Devriès family

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The Devriès were a family of operatic singers over three generations, of Dutch descent. They were mainly active in France, Belgium and the USA in the second half of the 19th and the early 20th centuries.[1]

Rosa de Vries-van Os[edit]

A soprano (12 April 1828, The Hague - 30 March 1889, Rome), who made her debut in The Hague, and sang at the Théâtre d'Orléans in New Orleans, as well as Canada and Italy. She was the mother of Jeanne, Fidès, Maurice and Hermann.[1][2]

Jeanne Devriès[edit]

A soprano, born in New Orleans before 1850, died in 1924,[1] Jeanne Devriès made her debut at the age of 17 at the Paris Théâtre Lyrique in June 1867 as Amina in La sonnambula (in French), when she was praised by one critic, who nonetheless felt that she was not a new Malibran.[3] She took over the title role of Catherine Glover for the premiere of La jolie fille de Perth at the same theatre (originally intended for Christina Nilsson) later in 1867, and also sang Martha, and Rosina in The Barber of Seville.[3] She married a Conservatoire prize-winner named Dereims, described as an 'intelligent singer' who sang widely in France and outside, and toured with him to Lisbon in 1878.[4] Appearing as Jeanne Devriès-Dereims in Brussels, she sang in Les diamants de la couronne (Catarina) and Faust (Marguerite) in 1872-1873; in the 1879-80 season the Queen of the Night in La flûte enchantée (Nuitter/Beaumont).[5] The rest of her career was spent in France.

Fidès Devriès[edit]

Fidès Devriès, in an engraving published in 1886

Fidès was born in New Orleans on 22 April 1852, and died in 1941, and was a soprano who studied under Duprez.[1] She made her debut as Rose-de-Mai in Le val d'Andorre at the Théâtre Lyrique in October 1868.[3] After a couple of seasons at La Monnaie in Brussels, she joined the Paris Opera in 1871, where her repertoire included Marguerite in Faust, Ophélie in Hamlet, Isabelle in Robert le diable, Agathe in Le Freischutz, Inès and Sélika in L’Africaine, Elvira in Don Juan, Mathilde in Guillaume Tell and Eudoxie in La Juive.[6]

In February 1873 Devriès took the solo soprano part in Beethoven’s Choral Symphony with the Société des Concerts du Conservatoire, along with an aria from Don Giovanni.[7]

She interrupted her career from April 1874 to 1883, after which she appeared at the Théâtre-Italien directed by Victor Maurel, singing in Simon Boccanegra and Hérodiade. Back at the Opéra, after touring to Monte-Carlo, Madrid, Lisbon[8] and the Netherlands, she created the role of Chimène in the premiere of Le Cid on 30 November 1885. Her final major appearance was as Elsa in the French premiere of Lohengrin on 3 May 1887, before retiring from the stage in 1889.[6]

Maurice Devriès[edit]

Born New York in 1854, died Chicago in 1919, Maurice was a baritone. He made his debut in Liege in 1874 as Nevers in Les Huguenots. Having been engaged at La Monnaie in Brussels, he created the role of Gunther in Sigurd in 1884.[1] His career also extended to Italy and the USA, where he appeared for the Metropolitan Opera from 1895-98 both in New York and on tour; his repertoire there included Roméo et Juliette, Carmen, Faust, the United States premiere of La Navarraise, Pagliacci, Fidelio, La Traviata, Les Pêcheurs de Perles, Cavalleria Rusticana, Manon, Die Meistersinger von Nürnberg and Lohengrin.[9]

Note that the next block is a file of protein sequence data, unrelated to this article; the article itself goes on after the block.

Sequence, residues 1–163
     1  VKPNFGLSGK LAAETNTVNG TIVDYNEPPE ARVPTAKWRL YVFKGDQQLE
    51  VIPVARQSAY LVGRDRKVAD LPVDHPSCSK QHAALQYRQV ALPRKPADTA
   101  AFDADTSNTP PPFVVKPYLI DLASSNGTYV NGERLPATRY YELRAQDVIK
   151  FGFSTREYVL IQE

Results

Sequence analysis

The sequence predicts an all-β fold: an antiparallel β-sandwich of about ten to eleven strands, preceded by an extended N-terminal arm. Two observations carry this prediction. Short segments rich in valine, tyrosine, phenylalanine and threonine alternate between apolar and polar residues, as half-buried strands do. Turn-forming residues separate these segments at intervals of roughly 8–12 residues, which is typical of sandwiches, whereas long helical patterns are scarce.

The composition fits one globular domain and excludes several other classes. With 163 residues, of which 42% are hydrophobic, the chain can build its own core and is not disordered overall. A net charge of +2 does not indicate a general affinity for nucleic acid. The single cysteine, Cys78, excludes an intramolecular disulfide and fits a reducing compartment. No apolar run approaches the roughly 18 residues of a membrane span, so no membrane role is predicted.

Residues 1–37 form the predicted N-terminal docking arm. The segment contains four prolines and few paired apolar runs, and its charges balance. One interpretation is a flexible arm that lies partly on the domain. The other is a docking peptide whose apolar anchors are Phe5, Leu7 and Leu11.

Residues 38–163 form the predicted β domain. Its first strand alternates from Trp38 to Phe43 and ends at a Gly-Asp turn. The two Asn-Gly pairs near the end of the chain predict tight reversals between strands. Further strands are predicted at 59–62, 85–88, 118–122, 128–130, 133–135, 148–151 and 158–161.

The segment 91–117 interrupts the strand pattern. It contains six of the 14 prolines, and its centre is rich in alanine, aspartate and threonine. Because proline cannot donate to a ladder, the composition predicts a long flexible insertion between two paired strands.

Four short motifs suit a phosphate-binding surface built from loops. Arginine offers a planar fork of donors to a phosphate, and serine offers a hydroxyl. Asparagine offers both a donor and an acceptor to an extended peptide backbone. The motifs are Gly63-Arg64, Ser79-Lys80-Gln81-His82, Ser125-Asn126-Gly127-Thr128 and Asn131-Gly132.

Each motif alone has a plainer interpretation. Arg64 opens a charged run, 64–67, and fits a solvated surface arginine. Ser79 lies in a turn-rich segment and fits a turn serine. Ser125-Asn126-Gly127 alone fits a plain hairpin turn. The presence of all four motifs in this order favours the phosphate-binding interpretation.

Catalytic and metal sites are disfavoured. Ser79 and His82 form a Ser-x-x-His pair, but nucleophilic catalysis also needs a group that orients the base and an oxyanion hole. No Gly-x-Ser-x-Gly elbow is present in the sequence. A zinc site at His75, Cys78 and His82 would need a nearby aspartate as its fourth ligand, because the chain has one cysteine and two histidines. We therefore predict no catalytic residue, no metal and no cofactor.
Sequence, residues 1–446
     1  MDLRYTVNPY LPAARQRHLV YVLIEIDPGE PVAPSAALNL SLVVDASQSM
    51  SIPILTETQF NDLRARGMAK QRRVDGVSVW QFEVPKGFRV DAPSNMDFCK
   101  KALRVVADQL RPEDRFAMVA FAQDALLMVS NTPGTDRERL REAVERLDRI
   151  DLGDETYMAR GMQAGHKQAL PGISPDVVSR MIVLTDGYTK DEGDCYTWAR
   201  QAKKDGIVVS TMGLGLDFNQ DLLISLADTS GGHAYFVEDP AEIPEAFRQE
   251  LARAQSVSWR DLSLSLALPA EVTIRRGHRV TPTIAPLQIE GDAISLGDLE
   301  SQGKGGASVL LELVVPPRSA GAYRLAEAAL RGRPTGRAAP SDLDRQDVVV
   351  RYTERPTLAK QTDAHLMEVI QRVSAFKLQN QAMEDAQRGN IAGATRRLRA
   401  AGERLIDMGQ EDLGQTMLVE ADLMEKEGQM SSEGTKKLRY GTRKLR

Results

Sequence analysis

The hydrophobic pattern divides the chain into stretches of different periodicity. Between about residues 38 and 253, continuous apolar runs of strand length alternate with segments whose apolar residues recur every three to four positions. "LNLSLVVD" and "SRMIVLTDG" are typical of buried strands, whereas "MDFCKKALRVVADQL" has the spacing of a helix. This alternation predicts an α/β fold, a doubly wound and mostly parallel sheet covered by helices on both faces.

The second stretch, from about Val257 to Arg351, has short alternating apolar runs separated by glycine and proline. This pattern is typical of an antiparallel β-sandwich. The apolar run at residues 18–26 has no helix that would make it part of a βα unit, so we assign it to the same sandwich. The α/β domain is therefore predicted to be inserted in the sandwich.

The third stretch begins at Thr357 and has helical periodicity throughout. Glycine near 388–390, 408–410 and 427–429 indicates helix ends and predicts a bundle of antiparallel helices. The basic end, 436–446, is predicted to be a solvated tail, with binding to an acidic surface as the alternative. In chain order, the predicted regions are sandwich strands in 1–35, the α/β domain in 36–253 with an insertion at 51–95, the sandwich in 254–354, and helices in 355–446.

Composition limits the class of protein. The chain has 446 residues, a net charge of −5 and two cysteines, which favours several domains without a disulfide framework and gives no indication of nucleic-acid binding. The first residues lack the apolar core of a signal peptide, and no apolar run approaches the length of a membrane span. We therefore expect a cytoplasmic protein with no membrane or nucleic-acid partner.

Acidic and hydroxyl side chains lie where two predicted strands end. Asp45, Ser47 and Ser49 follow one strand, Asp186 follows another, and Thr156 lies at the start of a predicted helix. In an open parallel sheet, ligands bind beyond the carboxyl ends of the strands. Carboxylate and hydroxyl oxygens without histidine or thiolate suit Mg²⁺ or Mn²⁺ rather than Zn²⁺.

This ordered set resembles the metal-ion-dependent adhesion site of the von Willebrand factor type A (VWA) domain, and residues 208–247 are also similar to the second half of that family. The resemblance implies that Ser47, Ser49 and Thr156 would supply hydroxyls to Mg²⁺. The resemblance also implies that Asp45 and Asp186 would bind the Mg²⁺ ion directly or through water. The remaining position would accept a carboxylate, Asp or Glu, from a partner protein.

Hermann Devriès[edit]

Born in New York in 1858, died in Chicago 1949, Hermann was a baritone, sometimes termed a bass.[1] After studying with Faure he made his debut at the Paris Opera in 1878, and had become a leading bass in the chorus of the Opéra, where his family renown may have led to an engagement at the Opéra-Comique in 1880[4] for his debut in the first of 50 performances there as Lothario in Mignon. For the Metropolitan Opera he sang from 1898 to 1900 in Roméo et Juliette, Il Barbiere di Siviglia, Faust, Les Huguenots, Carmen, Don Giovanni, Das Rheingold, Le Prophète and Rigoletto.[9]

David Devriès[edit]

Son of Maurice, David Devriès was one of the leading French tenors of his day. After studies at the Paris Conservatoire he had a distinguished career centred on the Paris Opéra-Comique. He left several recordings.[1]

References[edit]

  1. ^ a b c d e f g Forbes E. Devriès [De Vries]. In: The New Grove Dictionary of Opera. Macmillan, London and New York, 1997.
  2. ^ Biography of Osa de Vries-van Os at historici.nl (in Dutch)
  3. ^ a b c Walsh T J. Second Empire Opera: The Théâtre Lyrique Paris 1851–1870. John Calder (Publishers Ltd), London, 1981.
  4. ^ a b Soubies A, Malherbe C. Histoire de l'opéra comique — La seconde salle Favart 1840–1887. Flammarion, Paris, 1893.
  5. ^ "The digital opera archives of La Monnaie". Retrieved 2011-11-21. 
  6. ^ a b Gourret J. Dictionnaire des Cantatrices de l'Opéra. Editions Albatros, Paris, 1987.
  7. ^ Kern Holoman D. Société des Concerts du Conservatoire. http://hector.ucdavis.edu/SdC/default.html. Accessed 2.12.11.
  8. ^ Cf. Le Ménestrel, year 51-nr.4, 28.12.1884, pages 27 and 30.
  9. ^ a b Metropolitan Opera archive Accessed 21 November 2011.